Growing numbers of students means universities will need to pay more attention to diversity, said Varghese. “With primary education, children stay with their families so the culture is closer, but with higher education, people move to places where the language, cultural ethos or religion may be different – universities expand but the elite culture remains in place,” he said. Universities, especially in developing countries, need help with these issues.
When you add conflict to the mix, the stakes get higher. Kenyan society is still traumatised by the killing of 147 people, mainly students, by al-Shabaab militants at Garissa University College in April this year. The issue of the radicalisation of youth calls for Africa-wide solutions, said Loise Gichuhi, a senior education lecturer at the University of Nairobi, Kenya.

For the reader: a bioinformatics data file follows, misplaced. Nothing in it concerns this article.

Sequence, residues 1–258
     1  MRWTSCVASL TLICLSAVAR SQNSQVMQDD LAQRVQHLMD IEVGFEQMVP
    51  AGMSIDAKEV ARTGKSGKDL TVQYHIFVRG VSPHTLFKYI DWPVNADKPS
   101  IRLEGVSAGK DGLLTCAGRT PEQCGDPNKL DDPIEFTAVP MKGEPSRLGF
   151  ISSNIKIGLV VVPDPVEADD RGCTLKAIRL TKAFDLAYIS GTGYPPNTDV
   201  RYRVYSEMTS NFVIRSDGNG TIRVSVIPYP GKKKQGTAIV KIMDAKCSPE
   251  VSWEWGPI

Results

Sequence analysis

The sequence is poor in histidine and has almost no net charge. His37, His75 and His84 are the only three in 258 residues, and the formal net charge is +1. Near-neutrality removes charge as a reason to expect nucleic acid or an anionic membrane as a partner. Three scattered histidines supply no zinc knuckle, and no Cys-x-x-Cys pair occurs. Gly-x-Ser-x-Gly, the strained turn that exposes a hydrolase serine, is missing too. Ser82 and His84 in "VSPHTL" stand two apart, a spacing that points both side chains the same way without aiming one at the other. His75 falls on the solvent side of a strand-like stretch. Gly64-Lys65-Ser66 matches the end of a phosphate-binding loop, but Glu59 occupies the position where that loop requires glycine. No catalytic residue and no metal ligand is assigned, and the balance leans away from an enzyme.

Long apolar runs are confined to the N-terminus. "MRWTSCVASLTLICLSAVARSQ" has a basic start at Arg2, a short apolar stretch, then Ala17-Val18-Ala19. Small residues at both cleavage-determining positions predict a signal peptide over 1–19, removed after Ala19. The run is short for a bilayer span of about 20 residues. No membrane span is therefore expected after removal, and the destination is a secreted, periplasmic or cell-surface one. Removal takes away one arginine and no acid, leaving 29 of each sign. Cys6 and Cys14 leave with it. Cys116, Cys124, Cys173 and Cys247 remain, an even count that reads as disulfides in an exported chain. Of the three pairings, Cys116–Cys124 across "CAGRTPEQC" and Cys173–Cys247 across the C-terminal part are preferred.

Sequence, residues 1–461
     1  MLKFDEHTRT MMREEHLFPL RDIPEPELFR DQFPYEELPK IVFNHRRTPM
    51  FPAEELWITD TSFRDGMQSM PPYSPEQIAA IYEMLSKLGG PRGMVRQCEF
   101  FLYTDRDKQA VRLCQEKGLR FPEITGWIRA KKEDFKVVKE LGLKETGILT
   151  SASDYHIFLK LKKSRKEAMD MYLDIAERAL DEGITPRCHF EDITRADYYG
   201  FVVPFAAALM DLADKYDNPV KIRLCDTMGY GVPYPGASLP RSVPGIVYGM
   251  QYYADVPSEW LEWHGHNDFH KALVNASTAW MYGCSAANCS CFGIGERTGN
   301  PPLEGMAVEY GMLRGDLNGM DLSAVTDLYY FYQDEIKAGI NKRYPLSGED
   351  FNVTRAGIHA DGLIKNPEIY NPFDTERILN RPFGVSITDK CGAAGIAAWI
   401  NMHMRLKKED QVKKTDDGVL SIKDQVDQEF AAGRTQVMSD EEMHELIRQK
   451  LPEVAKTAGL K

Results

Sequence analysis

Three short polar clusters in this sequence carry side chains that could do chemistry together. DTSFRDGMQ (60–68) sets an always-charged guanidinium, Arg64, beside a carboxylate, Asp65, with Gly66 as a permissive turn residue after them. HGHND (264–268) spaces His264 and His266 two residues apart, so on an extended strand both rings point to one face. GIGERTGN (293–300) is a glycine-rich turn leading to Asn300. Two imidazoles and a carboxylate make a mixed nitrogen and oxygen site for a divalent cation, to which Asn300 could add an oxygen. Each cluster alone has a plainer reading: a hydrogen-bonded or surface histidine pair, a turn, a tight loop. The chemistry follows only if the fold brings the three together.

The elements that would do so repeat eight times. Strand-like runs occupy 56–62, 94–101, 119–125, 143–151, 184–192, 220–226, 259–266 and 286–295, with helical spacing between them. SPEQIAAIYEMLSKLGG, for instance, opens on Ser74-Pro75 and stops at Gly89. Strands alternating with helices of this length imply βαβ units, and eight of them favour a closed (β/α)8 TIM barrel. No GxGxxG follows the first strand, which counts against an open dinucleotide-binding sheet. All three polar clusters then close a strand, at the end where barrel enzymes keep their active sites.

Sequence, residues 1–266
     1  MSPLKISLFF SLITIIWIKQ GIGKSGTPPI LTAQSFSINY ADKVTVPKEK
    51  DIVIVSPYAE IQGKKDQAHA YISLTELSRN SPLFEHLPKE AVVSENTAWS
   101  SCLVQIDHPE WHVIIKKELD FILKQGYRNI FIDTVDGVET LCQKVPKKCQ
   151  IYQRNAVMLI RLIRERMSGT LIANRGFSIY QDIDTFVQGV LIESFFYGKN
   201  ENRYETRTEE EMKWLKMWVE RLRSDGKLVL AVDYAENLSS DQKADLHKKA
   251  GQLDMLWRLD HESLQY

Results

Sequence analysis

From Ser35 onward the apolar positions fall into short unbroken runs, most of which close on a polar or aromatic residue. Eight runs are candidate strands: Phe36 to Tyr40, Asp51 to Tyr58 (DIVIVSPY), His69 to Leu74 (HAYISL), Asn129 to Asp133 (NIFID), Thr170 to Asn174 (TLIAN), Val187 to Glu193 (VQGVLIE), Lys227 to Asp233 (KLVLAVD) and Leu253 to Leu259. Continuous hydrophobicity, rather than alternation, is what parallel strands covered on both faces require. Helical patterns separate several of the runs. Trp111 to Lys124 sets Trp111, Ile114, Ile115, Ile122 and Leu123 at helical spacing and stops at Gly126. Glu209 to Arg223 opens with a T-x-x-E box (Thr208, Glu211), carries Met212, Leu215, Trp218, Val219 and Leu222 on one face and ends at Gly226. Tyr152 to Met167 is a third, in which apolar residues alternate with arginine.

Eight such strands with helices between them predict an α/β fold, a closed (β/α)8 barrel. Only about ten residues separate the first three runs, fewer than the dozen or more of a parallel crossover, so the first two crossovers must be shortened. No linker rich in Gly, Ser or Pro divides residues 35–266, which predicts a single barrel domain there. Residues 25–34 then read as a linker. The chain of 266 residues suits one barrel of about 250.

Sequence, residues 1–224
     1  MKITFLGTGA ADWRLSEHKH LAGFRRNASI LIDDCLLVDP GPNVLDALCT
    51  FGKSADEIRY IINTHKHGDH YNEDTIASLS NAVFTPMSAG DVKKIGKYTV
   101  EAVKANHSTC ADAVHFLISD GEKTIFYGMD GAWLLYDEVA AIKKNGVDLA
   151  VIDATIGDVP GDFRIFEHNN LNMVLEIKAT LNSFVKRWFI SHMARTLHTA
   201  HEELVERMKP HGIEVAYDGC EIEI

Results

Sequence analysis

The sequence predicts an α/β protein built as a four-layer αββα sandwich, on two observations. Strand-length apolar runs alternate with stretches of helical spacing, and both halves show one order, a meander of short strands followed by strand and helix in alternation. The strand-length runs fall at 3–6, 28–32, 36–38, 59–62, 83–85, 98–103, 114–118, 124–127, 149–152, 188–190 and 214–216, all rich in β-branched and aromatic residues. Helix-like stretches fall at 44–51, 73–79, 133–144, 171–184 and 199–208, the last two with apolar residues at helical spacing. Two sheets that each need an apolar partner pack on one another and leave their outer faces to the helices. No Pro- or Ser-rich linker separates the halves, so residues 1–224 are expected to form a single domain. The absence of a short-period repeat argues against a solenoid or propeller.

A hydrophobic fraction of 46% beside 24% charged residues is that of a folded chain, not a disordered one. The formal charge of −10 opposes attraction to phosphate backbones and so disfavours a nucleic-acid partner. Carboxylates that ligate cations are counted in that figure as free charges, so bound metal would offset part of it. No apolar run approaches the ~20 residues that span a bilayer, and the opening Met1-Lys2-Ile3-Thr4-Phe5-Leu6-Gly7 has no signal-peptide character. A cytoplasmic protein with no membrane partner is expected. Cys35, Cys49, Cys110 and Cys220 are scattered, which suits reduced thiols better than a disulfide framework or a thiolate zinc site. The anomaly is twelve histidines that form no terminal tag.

“There is a lot of recruitment even from our universities and regions are getting divided as teachers are refusing to go to areas they think are unsafe,” she said.
Delegates at the conference saw providing education to children and young people living in or fleeing from zones of conflict as top priority. Duhok University in Iraqi Kurdistan currently has around 1,000 students living on campus as the city’s population has been swollen by the arrival en masse of refugees and internally displaced people, said university vice-president Sabah Wais.
Thirty-four million children and adolescents were out of school in conflict-affected countries in 2012, according to a recent policy paper by UNESCO’s Education For All Global Monitoring Report. It cited various studies that show how access to education can actually reduce the probability of conflict.
Barriers to migrants
This is not just a question for developing countries. “With the refugee situation in Europe at the moment we need to identify what the barriers are to migrants becoming students,” said Viktor Grønne, executive committee member of the European Students’ Union.